By Briona Singleton –
Linda Brown, the third-grade schoolgirl who was at the center of Brown vs. Board of Education, the Supreme Court case which ended the desegregation of schools, passed away on Sunday, March 23, at the age of 76.
In 1951, Brown’s father, Oliver, tried to enroll his daughter into the all-white Sumner Elementary School in Topeka Kansas, but was denied by the school, and instructed to enroll his daughter in the all-black Monroe School that was miles away from the family’s home.
Oliver Brown subsequently joined other plaintiffs led by the NAACP, and, by 1954, the group joined cases from four other states, unifying into Brown vs Board of Education.
That same year, the U.S. Supreme Court ended school segregation, and the “separate but equal” doctrine was overturned for schools violating the equal protection section of the 14th Amendment.
Then, in 1979, Brown revived the Brown vs. Board case, and became a plaintiff herself, so she could sue the Topeka, Kansas school district for not adequately pursuing desegregation.
It wasn’t until 1983 that Judge Richard Rogers agreed to the plan for desegregating the Topeka Unified District 501, according to an article in the Capital-Journal.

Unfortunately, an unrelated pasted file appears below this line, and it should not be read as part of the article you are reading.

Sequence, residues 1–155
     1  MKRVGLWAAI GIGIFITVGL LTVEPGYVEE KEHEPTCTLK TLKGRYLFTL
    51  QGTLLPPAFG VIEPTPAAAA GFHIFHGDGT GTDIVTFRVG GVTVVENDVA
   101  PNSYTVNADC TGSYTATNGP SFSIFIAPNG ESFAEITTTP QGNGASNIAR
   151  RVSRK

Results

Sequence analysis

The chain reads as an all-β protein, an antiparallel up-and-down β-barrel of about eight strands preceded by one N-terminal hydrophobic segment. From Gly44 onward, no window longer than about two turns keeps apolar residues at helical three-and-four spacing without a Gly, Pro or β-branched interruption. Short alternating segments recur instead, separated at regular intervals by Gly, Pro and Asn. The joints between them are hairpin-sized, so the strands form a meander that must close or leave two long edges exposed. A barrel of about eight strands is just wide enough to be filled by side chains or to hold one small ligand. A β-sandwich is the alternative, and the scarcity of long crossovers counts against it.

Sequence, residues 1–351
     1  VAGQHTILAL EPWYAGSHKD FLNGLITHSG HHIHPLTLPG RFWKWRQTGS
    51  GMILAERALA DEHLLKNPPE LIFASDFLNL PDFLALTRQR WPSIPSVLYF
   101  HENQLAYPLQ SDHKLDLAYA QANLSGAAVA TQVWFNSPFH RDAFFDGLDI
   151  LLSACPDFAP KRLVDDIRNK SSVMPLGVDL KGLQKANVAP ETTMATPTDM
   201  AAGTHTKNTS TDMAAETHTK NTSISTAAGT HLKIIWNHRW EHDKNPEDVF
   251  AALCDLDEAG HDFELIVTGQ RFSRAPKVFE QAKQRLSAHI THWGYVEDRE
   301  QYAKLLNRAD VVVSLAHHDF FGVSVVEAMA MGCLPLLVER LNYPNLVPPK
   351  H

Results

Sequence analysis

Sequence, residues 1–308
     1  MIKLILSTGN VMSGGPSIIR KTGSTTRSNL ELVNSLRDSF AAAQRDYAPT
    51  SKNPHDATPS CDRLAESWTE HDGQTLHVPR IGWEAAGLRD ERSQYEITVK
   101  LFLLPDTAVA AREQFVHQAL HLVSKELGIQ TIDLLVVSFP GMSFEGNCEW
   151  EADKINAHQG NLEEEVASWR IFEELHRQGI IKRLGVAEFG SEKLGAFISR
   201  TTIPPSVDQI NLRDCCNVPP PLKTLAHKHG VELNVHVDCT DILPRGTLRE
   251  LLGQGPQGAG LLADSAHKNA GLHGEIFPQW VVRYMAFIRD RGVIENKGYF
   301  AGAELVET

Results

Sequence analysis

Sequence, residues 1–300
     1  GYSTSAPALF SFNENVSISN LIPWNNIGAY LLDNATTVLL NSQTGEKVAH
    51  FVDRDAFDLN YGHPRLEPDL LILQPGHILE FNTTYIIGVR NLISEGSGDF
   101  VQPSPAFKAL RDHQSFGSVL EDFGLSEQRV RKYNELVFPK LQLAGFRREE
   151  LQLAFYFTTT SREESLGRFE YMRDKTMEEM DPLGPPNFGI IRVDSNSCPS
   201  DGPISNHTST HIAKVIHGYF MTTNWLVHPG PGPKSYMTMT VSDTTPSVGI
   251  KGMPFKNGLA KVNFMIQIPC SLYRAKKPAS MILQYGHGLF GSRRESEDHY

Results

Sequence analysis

Recently, state officials have said the following about the indelible effect Brown has left on America:
“Her legacy is not only here but nationwide,” Kansas Deputy Education Commissioner Dale Dennis told the Capital-Journal. “The effect she had on our society would be unbelievable and insurmountable.”
In addition, “Sixty-four years ago, a young girl from Topeka brought a case that ended segregation in public schools in America,” Kansas Gov. Jeff Collyer stated. “Linda Brown’s life reminds us the most unlikely people can have an incredible impact, and that by serving our community we can truly change the world.”
Reportedly, Brown’s family will not be commenting on her death, and the cause of Brown’s death has not been released to the public.
Brown was born on Feb. 20, 1942.